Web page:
Topic 4B - Marriage & Marriage Ceremonies (“A man without a wife is…
Topic 4B - Marriage & Marriage Ceremonies
“A man without a wife is incomplete”
Unless people become part of a couple, their personalities will not develop fully.
unmarried woman is an incomplete vessel.”
According to the Mishnah, a Jewish marriage is a legal contract and may be contracted in any of three ways:
(1) with money (as when a man hands a woman an object of value for the purpose of contracted marriage, and in the presence of two witnesses, and she accepts);
(2) through a written contract.
(3) or by sexual intercourse, a method strongly discouraged by the Sages.
Prior to the Wedding
Te'naim (conditions for the marriage) are drawn up and signed at a ceremony prior to the wedding.
The rabbi will instruct and counsel the couple as they prepare for their wedding day.
Jewish marriages do not take place on Shabbat or Festivals because "one does not mix one occasion of rejoicing with another."
Aufruf - Shabbat prior to the wedding,
It is traditional for the bride to visit the Mikveh (ritual immersion bath) prior to the wedding. The mikveh, which is associated with the laws of family purity in traditional communities.
Choosing a partner
Marriage is considered a natural and desirable state of adult life because it provides companionship and security. This depends, of course, upon a good match.
Shadchan - matchmaker.
Kiddushin - betrothal and Nisu'in - marriage.
The Jewish wedding ceremony takes place under a chupah (wedding canopy) which symbolizes the home the couple will make together.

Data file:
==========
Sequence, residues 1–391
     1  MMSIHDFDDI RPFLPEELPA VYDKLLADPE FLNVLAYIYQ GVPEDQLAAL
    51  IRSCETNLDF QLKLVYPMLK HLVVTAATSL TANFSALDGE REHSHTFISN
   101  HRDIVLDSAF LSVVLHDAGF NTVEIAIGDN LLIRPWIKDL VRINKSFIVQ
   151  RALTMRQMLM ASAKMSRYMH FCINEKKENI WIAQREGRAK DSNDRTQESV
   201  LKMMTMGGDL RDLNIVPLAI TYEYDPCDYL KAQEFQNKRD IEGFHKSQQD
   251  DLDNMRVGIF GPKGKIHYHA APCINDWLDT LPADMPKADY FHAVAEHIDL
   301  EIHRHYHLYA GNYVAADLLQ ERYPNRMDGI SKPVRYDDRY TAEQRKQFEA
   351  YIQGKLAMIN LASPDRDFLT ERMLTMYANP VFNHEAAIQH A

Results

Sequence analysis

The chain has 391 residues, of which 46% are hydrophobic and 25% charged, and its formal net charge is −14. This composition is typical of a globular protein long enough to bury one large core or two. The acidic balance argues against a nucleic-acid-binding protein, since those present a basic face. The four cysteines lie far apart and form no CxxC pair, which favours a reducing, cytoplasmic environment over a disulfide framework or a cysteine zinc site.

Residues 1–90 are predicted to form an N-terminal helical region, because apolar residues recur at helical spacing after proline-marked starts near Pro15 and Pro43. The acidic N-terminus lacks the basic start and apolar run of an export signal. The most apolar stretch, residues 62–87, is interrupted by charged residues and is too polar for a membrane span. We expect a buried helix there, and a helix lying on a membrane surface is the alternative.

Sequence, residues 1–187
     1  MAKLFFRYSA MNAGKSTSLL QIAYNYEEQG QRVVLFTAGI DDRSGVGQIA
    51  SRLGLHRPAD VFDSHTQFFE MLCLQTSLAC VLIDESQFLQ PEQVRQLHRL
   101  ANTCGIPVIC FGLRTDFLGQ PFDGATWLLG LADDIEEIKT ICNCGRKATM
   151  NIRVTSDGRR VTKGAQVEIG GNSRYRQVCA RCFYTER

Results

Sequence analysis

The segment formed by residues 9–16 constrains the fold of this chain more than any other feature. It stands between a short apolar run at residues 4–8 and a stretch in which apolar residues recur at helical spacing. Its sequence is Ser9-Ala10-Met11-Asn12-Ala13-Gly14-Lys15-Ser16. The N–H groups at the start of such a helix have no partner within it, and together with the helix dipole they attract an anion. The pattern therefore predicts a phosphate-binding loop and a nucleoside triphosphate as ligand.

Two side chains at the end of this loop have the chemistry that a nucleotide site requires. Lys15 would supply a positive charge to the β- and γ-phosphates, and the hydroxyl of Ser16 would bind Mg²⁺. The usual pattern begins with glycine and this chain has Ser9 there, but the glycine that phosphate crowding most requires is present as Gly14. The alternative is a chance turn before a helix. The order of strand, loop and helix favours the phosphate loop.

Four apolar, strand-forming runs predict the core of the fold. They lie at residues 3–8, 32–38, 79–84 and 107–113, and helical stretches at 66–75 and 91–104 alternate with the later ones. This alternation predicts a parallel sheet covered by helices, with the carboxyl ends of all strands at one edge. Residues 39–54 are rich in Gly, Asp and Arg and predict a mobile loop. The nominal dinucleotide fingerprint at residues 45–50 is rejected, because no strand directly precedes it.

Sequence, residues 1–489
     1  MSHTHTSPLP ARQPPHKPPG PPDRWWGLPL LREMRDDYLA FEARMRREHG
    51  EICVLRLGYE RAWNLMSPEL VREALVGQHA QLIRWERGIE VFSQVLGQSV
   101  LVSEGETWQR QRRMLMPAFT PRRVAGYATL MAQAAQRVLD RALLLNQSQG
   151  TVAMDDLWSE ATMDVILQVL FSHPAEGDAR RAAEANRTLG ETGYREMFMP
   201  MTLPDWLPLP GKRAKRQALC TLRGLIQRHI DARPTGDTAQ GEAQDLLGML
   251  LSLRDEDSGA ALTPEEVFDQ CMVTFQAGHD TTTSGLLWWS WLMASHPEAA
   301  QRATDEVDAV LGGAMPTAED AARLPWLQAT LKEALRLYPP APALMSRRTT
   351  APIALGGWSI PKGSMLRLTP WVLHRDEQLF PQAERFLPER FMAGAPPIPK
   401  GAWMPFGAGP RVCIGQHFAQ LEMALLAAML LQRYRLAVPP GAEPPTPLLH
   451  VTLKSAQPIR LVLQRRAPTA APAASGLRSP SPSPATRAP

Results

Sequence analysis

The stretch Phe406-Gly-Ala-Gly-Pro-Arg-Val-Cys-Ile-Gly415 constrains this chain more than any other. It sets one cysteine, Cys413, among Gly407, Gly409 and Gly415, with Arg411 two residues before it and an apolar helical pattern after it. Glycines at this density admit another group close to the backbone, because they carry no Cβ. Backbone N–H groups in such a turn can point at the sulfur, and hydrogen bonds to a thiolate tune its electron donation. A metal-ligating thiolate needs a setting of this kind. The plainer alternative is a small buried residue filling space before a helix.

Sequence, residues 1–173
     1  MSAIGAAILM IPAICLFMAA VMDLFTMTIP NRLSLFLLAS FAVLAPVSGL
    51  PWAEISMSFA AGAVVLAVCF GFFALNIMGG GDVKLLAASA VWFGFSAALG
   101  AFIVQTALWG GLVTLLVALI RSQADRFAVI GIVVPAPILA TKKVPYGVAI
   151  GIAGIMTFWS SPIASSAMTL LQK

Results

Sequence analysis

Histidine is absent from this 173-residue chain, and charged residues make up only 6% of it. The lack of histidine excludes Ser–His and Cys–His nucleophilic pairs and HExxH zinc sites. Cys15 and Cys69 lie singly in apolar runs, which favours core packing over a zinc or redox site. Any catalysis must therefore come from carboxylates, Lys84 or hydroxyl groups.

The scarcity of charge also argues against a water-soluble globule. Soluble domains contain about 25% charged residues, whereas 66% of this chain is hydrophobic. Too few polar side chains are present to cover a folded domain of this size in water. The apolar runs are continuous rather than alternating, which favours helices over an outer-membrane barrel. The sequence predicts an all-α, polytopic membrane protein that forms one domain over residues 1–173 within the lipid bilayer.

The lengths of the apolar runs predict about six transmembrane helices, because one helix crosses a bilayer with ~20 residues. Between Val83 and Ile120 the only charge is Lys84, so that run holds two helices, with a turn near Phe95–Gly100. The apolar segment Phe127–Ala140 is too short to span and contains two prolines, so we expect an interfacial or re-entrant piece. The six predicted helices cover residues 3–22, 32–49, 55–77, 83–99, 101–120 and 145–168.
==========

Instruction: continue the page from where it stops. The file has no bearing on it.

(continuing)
A ketubah is a legal hold on the husband's property which he gives his wife-to-be in the case of his death or their divorce, to ensure her maintenance and well-being.
The wording of the ketubah is written in Aramaic.
The ketubah must be signed by two Jewish witnesses, neither of whom is related to either the husband or wife.
Ceremony prior to the chupah when the husband-to-be lifts the veil of his bride-to-be to "check" to be sure it is the woman he intends to marry, and then replaces her veil, reciting the blessing "Our sister, may you be the mother of thousands of ten thousands" (Genesis 24:60),
The Formal Ceremony
The groom arrives at the chupah first and there greets his bride. The bride is escorted to the chupah by escorts.
When the bride reaches the chupah, there is a tradition (not required by halakhah) that she circles around the groom either seven times.
The marriage ceremony includes the blessing over wine and Birchat Erusin (the marriage bracha).
The ceremony ends with the groom breaking a glas.
It is traditional for the couple to have some alone time called Yichud.
The first meal enjoyed by the couple together is called Se'dat Mitzvah.